Upper St. Johns River and Lakes
This 60-mile stretch of the St. Johns River is the southernmost headwaters where the tannin-stained river originates out of the vast marshes, swamps, water management areas and canal systems. The river flows through a number of lakes ranging from 350 to 4,500 acres in size (Lake Hell'n Blazes, Lake Sawgrass, Lake Washington, Lake Winder and Lake Poinsett). The river is not marked for navigation, flowing within a single channel downstream to Cocoa at which point the river becomes braided into multiple channels as the river flows across the floodplain downstream to Puzzle Lake. Water levels fluctuate around six feet annually between the dry (winter-spring) and wet season (late summer-early fall). These extreme annual water level changes can radically affect the physical dimension of the river, causing a less than 150 foot wide river to expand out over the flood plain and become several miles wide, changing the navigability of the river and the distribution of the fish. Most of the upper St. Johns River and lakes are surrounded by State-owned lands which makes it a very scenic environment for all users.
The "River Returns" is a high definition television show about the St. Johns River that will air in October on PBS. Meanwhile their web site provides some excellent information about the river.
Water levels in the upper St. Johns River basin are a little low going into this quarter. We got a little slug of rain in February that boosted a record low flow back closer to average but the water was dropping fast in March. Many river stretches will get too shallow for all but hand carry vessels, airboats, or boat equipped with mud motors. Anglers should target the edges of vegetation like pennywort along banks in middle river (Poinsett to Winder) and south of Lake Washington. It is probably very difficult to get south of Lake Winder until the rains return. North of Lake Poinsett target the deeper water in sharp bends and drop-offs near shallow bars. Due to the shallow water anglers may have to do some walking to get around/over sandbars. Use caution. Traditional methods for taking all species will work. The St. Johns River is a great place to go throw a small spinner and see what kind of mixed bag of fish you can catch. Many bass anglers who fish this area prefer to swim plastic worms and jerk baits or twitch shallow-running minnow imitations for bass. Fly-fishing with a surface popper is another rewarding way to catch both bass and panfish in these sections of the river.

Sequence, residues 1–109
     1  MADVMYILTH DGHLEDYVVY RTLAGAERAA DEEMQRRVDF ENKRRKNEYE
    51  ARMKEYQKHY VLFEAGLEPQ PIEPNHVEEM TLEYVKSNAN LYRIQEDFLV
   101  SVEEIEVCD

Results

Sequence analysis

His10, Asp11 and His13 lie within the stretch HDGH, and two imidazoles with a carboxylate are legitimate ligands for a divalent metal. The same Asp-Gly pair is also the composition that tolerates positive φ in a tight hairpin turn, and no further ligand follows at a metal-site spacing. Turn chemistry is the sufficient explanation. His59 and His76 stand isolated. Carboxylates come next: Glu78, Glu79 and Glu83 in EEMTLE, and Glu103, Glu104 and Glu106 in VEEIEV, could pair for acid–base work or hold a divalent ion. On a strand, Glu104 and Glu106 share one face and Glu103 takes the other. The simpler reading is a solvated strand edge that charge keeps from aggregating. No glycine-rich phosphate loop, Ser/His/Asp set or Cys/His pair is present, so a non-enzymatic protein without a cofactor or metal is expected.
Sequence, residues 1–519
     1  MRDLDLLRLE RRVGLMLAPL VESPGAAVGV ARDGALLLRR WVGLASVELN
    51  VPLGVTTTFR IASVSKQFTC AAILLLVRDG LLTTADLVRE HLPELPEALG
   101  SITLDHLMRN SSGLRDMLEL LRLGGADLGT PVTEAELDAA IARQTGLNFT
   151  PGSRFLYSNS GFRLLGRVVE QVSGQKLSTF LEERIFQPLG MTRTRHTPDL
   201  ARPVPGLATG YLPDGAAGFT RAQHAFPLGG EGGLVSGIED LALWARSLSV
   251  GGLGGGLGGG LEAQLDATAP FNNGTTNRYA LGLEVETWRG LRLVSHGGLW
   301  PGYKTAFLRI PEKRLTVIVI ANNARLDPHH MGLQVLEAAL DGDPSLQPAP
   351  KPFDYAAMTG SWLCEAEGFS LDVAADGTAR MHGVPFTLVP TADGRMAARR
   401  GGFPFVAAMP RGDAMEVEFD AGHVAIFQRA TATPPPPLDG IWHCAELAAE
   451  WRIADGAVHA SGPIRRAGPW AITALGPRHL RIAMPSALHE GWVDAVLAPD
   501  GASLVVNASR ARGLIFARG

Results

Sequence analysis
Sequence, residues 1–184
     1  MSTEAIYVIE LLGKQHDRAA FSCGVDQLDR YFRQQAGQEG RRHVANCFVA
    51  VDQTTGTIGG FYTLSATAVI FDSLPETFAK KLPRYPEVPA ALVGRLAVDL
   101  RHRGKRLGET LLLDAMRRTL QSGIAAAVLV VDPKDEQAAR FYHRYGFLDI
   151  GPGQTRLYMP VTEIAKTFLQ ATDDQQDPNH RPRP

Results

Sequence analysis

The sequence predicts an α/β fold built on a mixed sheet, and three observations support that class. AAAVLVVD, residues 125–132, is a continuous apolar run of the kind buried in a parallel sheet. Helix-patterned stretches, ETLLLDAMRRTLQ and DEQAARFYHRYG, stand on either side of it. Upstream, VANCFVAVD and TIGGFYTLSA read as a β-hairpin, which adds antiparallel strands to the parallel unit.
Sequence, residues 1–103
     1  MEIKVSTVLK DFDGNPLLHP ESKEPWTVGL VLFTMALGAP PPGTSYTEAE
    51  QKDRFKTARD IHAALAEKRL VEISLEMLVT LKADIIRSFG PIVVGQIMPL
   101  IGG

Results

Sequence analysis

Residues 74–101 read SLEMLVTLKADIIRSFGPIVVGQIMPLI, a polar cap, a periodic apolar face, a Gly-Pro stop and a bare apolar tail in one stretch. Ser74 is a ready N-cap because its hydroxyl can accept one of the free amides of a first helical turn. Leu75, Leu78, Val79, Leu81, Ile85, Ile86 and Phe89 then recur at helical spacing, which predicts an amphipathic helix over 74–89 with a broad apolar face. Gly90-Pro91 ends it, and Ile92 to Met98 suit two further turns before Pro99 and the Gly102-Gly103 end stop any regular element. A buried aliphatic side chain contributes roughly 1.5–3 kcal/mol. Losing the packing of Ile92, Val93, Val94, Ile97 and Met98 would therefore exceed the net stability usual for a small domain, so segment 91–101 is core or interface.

As the water drops the best fishing associated with the lakes will be at the river entrances and outlets or adjacent canals. The February electrofishing samples produced good numbers of quality bass in Lake Poinsett so it may be worth the effort to find bulrush or pads that still have a foot or two of water around them along the south shore of the lake.
TrophyCatch is FWC's citizen-science program that rewards anglers for documenting and releasing trophy bass 8 pounds or larger. The following TrophyCatch bass have been submitted from the St. Johns River:
Lunker Club (8 – 9.9 pounds): 95
Trophy Club (10 - 12.9 pounds): 20